It’s unclear if Democrats will ever win enough seats to again propel House Minority Leader Nancy Pelosi, D-Calif., to the speakership.
But at this moment, Pelosi may as well clasp the speaker’s gavel, for all intents and purposes.
Republicans hold a 240-194 seat majority in the House of Representatives. Yet the GOP’s historically struggled to tackle nettlesome issues like funding disaster relief, lifting the debt ceiling and avoiding government shutdowns – often turning to Democrats on those vexing topics.
So it’s no surprise that on Wednesday morning, Pelosi and Senate Minority Leader Chuck Schumer, D-N.Y., declared they’d provide the necessary votes “for the Harvey aid package and a short-term debt limit increase of three months.”
Minutes later, House Speaker Paul Ryan, R-Wis., characterized the Democrats’ offer as “unworkable” and argued it would “put in jeopardy” the hurricane response. But when Ryan, Pelosi, Schumer and Senate Majority Leader Mitch McConnell, R-Ky., trotted to the White House for a tete-a-tete with President Trump, the president sided with the Democrats.
Never in recent memory has the president of one party so politically humiliated the House speaker of the same party. Pelosi and Schumer exited the White House with everything they wanted.
The routinely embattled Pelosi was suddenly emboldened.
And she followed up the win with another display of influence, in a sense.
It concerned Trump’s Twitter account, which McConnell and those in Trump’s inner circle have been eager to tone down and adjust for months.
When new White House Chief of Staff John Kelly arrived to impose discipline and order, there was speculation he could temper the Tweeter in Chief.
But at 9:42 a.m. ET Thursday, the president published this Twitter gem: “For all of those (DACA) that are concerned about your status during the 6 month period, you have nothing to worry about - No action!”
And at whose behest did Trump dispatch that tweet?
Nancy D’Alesandro Pelosi.
“Boom, boom, boom, the tweet appeared,” Pelosi bragged after petitioning the president. “So that was good.”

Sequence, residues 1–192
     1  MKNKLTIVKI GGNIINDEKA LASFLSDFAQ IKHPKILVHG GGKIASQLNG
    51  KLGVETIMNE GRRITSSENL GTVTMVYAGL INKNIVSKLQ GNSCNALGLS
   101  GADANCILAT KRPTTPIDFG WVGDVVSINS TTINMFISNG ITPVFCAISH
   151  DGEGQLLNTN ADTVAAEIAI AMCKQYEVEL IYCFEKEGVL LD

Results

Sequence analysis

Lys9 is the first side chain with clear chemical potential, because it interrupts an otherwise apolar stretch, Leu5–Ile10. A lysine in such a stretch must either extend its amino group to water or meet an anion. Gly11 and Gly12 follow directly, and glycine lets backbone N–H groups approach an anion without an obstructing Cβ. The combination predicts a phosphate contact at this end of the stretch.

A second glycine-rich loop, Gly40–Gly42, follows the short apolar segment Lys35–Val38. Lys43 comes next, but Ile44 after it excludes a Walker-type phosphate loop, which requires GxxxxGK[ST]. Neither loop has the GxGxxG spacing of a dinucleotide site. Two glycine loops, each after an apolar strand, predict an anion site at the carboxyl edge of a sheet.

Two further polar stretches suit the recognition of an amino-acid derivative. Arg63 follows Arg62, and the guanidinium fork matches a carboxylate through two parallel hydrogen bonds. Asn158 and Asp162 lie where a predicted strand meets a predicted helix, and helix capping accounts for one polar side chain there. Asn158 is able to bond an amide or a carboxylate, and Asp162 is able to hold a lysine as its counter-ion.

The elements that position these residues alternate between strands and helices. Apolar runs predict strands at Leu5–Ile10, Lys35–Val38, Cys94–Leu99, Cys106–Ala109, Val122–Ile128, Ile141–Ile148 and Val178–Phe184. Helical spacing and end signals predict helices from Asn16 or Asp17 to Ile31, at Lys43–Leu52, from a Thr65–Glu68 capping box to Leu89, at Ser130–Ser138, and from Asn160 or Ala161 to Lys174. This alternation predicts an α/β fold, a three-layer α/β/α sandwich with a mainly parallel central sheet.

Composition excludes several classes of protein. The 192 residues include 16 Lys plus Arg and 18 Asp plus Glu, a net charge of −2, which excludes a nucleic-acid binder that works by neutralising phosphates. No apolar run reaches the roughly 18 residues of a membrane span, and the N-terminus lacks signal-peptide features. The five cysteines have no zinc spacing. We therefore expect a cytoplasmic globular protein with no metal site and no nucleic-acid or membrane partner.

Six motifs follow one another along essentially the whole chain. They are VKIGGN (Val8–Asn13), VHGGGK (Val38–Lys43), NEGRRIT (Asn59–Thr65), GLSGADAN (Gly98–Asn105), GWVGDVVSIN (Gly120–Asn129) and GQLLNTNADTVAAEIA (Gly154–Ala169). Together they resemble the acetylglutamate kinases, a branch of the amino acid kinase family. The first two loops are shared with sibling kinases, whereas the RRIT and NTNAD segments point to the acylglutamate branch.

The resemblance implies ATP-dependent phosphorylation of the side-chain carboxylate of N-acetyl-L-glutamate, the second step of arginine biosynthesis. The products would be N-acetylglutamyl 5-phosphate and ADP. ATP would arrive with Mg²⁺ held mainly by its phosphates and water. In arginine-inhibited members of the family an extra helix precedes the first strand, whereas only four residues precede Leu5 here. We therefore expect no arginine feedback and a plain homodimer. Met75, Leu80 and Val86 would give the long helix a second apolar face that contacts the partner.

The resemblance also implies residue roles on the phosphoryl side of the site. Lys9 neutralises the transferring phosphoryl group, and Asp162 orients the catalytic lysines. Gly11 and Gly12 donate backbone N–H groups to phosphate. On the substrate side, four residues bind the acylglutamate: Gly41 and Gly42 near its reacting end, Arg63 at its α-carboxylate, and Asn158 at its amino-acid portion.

Tweeting on request of the Democratic leader? It was a bizarre, but important, moment.
Pelosi faced an insurrection from some factions of her caucus earlier this year after Democrats stumbled in House races in November. Those same forces rose against Pelosi again after Democrats failed to capture a single seat in a string of special elections.
Pelosi sunk to her lowest ebb after each of those episodes, while still declaring herself a "master legislator" as she vowed to stay on.
But for the time being, Pelosi is close once again to power.
Trump, of course, has always been volatile and could turn on the Dem deal-makers in an instant.
After Wednesday, predicting his impulses is harder than forecasting hurricane spaghetti models.
Meanwhile, the pushback from conservatives is strong.
Rep. Mark Walker, who chairs the Republican Study Committee (RSC), the largest bloc of conservatives in the House, declared Monday that the “debt ceiling should be paired with significant fiscal and structural reforms.” He said that if the GOP failed to tackle the debt, “it only shows that Republicans do not take the problem of our $20 trillion debt seriously.”
By Thursday morning, Walker dashed off a letter to Ryan. Walker informed the speaker the RSC opposed the plan to couple Harvey aid with an interim spending bill and a debt ceiling hike. That meant Ryan would turn to Pelosi and Democrats to carry the day.
Multiple House Republicans suggested the speaker may have been asleep at the switch. They noted he’s been barnstorming the country on tax reform – yet never developed a plan to address the debt limit or slash spending. One senior House Republican who asked not to be identified suggested that Ryan would have been in a stronger negotiating position with Trump had he cobbled together a debt ceiling/offset blueprint – even if it were just for show. Absent that, the president sided with Pelosi.
To be fair, Hurricane Harvey and now Irma force the government to burn emergency cash at an Olympic rate. These storms will likely cost hundreds of billions of dollars. Such unexpected, staggering spending meant the government had an imminent rendezvous with the debt ceiling – rather than Sept. 29 as suggested by Treasury Secretary Steven Mnuchin. The storm scenario demanded Congress act – now. Otherwise, hurricane victims would be left without assistance. A debt limit collision could spark a market shock.
The debt ceiling suspension and government funding plan expire Dec. 8. Think Republicans will provide the votes to sidestep either crisis then? Or who has the leverage? How about Pelosi & Co. offering Democratic votes in exchange for a legislative fix for DACA?
By the way, where’s the money for the border wall?
You thought this month was going to be rough on Capitol Hill? December is the new September.
“I think the second debt limit could be harder now,” predicted House Rules Committee Chairman Pete Sessions, R-Texas.
“Better deals are made in January than trying to jam things through a few days before Christmas,” said House Freedom Caucus leader Rep. Mark Meadows, R-N.C.
Like Walker, Meadows lamented the lack of deficit reduction or opportunities to offset the hurricane aid. He’s dubious Congress will ever adopt tax reform considering there’s much chatter yet no specifics.
“Most of the things we campaigned on were a mirage off in the distance,” said Meadows.
Capitol Attitude is a weekly column written by members of the Fox News Capitol Hill team. Their articles take you inside the halls of Congress, and cover the spectrum of policy issues being introduced, debated and voted on there.